UPGRADE FAILED: “$name” has no deployed releases

This error occurs on your second install/upgrade if your initial install failed.

If your initial install completely failed, and GitLab was never operational, you should first purge the failed install before installing again.

helm uninstall <release-name>

If instead, the initial install command timed out, but GitLab still came up successfully, you can add the --force flag to the helm upgrade command to ignore the error and attempt to update the release.

Otherwise, if you received this error after having previously had successful deploys of the GitLab chart, then you are encountering a bug. Please open an issue on our issue tracker, and also check out issue #630 where we recovered our CI server from this problem.

Error: this command needs 2 arguments: release name, chart path

An error like this could occur when you run helm upgrade and there are some spaces in the parameters. In the following example, Test Username is the culprit:

helm upgrade gitlab gitlab/gitlab --timeout 600s --set Username ...

To fix it, pass the parameters in single quotes:

helm upgrade gitlab gitlab/gitlab --timeout 600s --set'Test Username' ...

Application containers constantly initializing

If you experience Sidekiq, Webservice, or other Rails based containers in a constant state of Initializing, you’re likely waiting on the dependencies container to pass.

If you check the logs of a given Pod specifically for the dependencies container, you may see the following repeated:

Checking database connection and schema version
WARNING: This version of GitLab depends on gitlab-shell 8.7.1, ...
Database Schema
Current version: 0
Codebase version: 20190301182457

This is an indication that the migrations Job has not yet completed. The purpose of this Job is to both ensure that the database is seeded, as well as all relevant migrations are in place. The application containers are attempting to wait for the database to be at or above their expected database version. This is to ensure that the application does not malfunction to the schema not matching expectations of the codebase.

  1. Find the migrations Job. kubectl get job -lapp=migrations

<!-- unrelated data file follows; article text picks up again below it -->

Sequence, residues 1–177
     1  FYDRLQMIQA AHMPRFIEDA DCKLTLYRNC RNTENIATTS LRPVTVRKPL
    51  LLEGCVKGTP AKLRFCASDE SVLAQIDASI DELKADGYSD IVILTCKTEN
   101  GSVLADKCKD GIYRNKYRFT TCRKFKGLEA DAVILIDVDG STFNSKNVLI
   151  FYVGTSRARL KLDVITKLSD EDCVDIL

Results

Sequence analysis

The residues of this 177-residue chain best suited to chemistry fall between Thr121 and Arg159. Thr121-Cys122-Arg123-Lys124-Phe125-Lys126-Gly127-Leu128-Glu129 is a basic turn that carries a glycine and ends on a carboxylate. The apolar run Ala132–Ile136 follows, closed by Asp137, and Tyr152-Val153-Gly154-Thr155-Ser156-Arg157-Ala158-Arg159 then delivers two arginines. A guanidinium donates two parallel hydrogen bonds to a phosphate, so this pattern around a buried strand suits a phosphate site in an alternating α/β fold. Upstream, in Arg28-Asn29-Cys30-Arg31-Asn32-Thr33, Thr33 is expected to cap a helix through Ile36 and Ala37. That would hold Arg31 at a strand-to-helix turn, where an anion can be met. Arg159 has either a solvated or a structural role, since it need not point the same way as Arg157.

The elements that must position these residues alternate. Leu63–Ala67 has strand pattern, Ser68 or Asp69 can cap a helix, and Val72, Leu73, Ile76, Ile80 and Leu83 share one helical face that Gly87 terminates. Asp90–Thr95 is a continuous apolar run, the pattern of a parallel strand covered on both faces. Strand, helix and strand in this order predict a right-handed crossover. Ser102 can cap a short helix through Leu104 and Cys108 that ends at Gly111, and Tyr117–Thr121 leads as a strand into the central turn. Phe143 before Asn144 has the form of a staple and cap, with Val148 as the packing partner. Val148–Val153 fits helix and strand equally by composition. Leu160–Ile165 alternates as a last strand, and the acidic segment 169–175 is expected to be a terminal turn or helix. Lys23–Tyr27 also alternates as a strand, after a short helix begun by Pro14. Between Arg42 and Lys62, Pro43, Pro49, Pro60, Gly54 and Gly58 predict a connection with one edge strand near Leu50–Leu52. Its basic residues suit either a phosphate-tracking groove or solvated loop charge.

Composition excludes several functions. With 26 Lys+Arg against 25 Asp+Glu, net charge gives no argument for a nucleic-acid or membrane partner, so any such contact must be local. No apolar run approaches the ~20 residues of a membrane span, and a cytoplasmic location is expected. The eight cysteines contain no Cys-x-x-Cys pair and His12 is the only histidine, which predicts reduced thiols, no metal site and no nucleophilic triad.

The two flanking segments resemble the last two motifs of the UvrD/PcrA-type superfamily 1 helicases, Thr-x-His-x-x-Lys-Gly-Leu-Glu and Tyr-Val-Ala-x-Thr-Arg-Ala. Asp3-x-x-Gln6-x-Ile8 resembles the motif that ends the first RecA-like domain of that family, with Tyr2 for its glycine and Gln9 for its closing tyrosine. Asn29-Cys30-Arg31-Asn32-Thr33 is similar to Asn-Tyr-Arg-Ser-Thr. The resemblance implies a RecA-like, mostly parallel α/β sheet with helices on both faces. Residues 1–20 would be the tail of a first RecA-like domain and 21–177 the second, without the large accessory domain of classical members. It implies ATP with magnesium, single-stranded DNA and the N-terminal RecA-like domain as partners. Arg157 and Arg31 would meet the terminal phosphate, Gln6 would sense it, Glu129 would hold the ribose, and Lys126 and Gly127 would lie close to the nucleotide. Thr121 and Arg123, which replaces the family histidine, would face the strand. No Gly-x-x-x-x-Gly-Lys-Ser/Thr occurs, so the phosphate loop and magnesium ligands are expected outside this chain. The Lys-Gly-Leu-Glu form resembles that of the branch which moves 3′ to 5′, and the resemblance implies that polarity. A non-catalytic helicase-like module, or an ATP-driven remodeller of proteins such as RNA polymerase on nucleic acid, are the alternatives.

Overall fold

2. Find the Pod being run by the Job. kubectl get pod -ljob-name=<job-name>
  3. Examine the output, checking the STATUS column.

If the STATUS is Running, continue. If the STATUS is Completed, the application containers should start shortly after the next check passes.

Examine the logs from this pod. kubectl logs <pod-name>

Any failures during the run of this job should be addressed. These will block the use of the application until resolved. Possible problems are:

  • Unreachable or failed authentication to the configured PostgreSQL database
  • Unreachable or failed authentication to the configured Redis services
  • Failure to reach a Gitaly instance

Applying configuration changes

The following command will perform the necessary operations to apply any updates made to gitlab.yaml:

helm upgrade <release name> <chart path> -f gitlab.yaml

Included GitLab Runner failing to register

This can happen when the runner registration token has been changed in GitLab. (This often happens after you have restored a backup)

  1. Find the new shared runner token located on the admin/runners webpage of your GitLab installation.
  2. Find the name of existing runner token Secret stored in Kubernetes

    kubectl get secrets | grep gitlab-runner-secret
  3. Delete the existing secret

    kubectl delete secret <runner-secret-name>
  4. Create the new secret with two keys, (runner-registration-token with your shared token, and an empty runner-token)

    kubectl create secret generic <runner-secret-name> --from-literal=runner-registration-token=<new-shared-runner-token> --from-literal=runner-token=""

Too many redirects

This can happen when you have TLS termination before the NGINX Ingress, and the tls-secrets are specified in the configuration.

  1. Update your values to set global.ingress.annotations."": "false"

    Via a values file:

    # values.yaml
          "": "false"

    Via the Helm CLI:

    helm ... --set-string global.ingress.annotations.""=false
  2. Apply the change.

When using an external service for SSL termination, that service is responsible for redirecting to https (if so desired).

Upgrades fail with Immutable Field Error


Prior to the 3.0.0 release of these charts, the spec.clusterIP property had been populated into several Services despite having no actual value (""). This was a bug, and causes problems with Helm 3’s three-way merge of properties.

Once the chart was deployed with Helm 3, there would be no possible upgrade path unless one collected the clusterIP properties from the various Services and populated those into the values provided to Helm, or the affected services are removed from Kubernetes.

The 3.0.0 release of this chart corrected this error, but it requires manual correction.

This can be solved by simply removing all of the affected services.

  1. Remove all affected services:

    kubectl delete services -lrelease=RELEASE_NAME
  2. Perform an upgrade via Helm.
  3. Future upgrades will not face this error.
This will change any dynamic value for the LoadBalancer for NGINX Ingress from this chart, if in use. See global Ingress settings documentation for more details regarding externalIP. You may be required to update DNS records!


Sidekiq pods did not receive a unique selector prior to chart release 3.0.0. The problems with this were documented in.

Upgrades to 3.0.0 using Helm will automatically delete the old Sidekiq deployments and create new ones by appending -v1 to the name of the Sidekiq Deployments,HPAs, and Pods.

Starting from 5.5.0 Helm will delete old Sidekiq deployments from prior versions and will use -v2 suffix for Pods, Deployments and HPAs.

If you continue to run into this error on the Sidekiq deployment when installing 3.0.0, resolve these with the following steps: